Continuous monitoring of carbon monoxide and nitrogen dioxide in a welding shop.

There are over 70 different types of welding processes, all which produce a variety of hazardous gases. The gas or gases generated and their concentrations depend on the process used and the gas formation mechanisms. Common gases produced are carbon monoxide, nitrogen dioxide, ozone, hydrogen chloride, carbon dioxide, nitric oxide and other gaseous fluorides. The health hazards from welding gases are asphyxiation (lack of oxygen), fire, explosion and toxicity.

A well designed and maintained ventilation system is required to remove the air contaminants from the welder’s breathing zone. The installation of a fixed gas detection system to continuously monitor the levels hazardous gases help to protect welders and workers from exposure and risks to their health, providing a safer working environment.

 

Image: Typical Welding Shop Monitoring System

 

 

KEY CONSIDERATIONS
  • The gas detection system operates ventilation systems, on demand controlled​
  • Depending on the type of welding, different hazardous gases may need monitoring
  • Consideration for the air flow patterns in the room; entrances to the room, type of ventilation system, number of welding stations and any other sources of active air currents will affect the ability of the sensors to accurately read the gas levels.

 

TARGET GASES
  • Carbon Monoxide (CO)
  • Nitrogen Dioxide (NO2)
  • Oxygen (O2)
  • Combustible gases
  • Other hazardous gases as required

 

 

DOWNLOADS
Monitoring CO and NO2 in Welding Shops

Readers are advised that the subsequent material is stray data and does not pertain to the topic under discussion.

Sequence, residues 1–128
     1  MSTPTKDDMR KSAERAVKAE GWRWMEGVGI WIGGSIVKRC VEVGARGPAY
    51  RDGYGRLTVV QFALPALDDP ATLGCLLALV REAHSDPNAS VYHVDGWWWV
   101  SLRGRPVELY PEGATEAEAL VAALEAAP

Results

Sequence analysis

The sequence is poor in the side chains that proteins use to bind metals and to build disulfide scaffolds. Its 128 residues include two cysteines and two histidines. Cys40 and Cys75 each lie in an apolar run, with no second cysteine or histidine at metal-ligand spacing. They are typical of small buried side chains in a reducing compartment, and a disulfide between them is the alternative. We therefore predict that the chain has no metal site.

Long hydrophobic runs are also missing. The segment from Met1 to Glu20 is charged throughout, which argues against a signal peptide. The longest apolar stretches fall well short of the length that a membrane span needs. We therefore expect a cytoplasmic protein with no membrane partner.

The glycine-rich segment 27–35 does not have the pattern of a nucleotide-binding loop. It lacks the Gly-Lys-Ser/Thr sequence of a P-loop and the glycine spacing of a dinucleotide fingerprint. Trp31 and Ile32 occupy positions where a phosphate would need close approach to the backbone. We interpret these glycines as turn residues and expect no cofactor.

RELATED PRODUCTS
cGas-SC Self Contained Controller
CGAS-A Analog Transmitter
ESH-A Remote Sensor
CXT Explosion Proof Transmitter
Remote Strobes & Horns
 

 

MORE INFORMATION 

Welding activities occur in many industries and the work environments vary in size, layout and setup. When planning installation and mounting locations for each gas detector you must consider the air flow patterns in the room. Entrances to the room, type of ventilation system, number of welding areas and any other sources of active air currents will affect the ability of the sensors to accurately read the gas levels.

Depending on the type of welding being done, additional hazardous gas monitoring may be required. For example, for Oxy-Acetylene welding, consideration should be given to monitoring combustible gas and Oxygen levels in the room where the cylinders of gas are stored. If there were to be a leak, Acetylene is flammable and explosive and high levels of Oxygen could cause an O2 enriched atmosphere.

If the area is classified as a hazardous area, the CXT Explosion Proof transmitter should be used.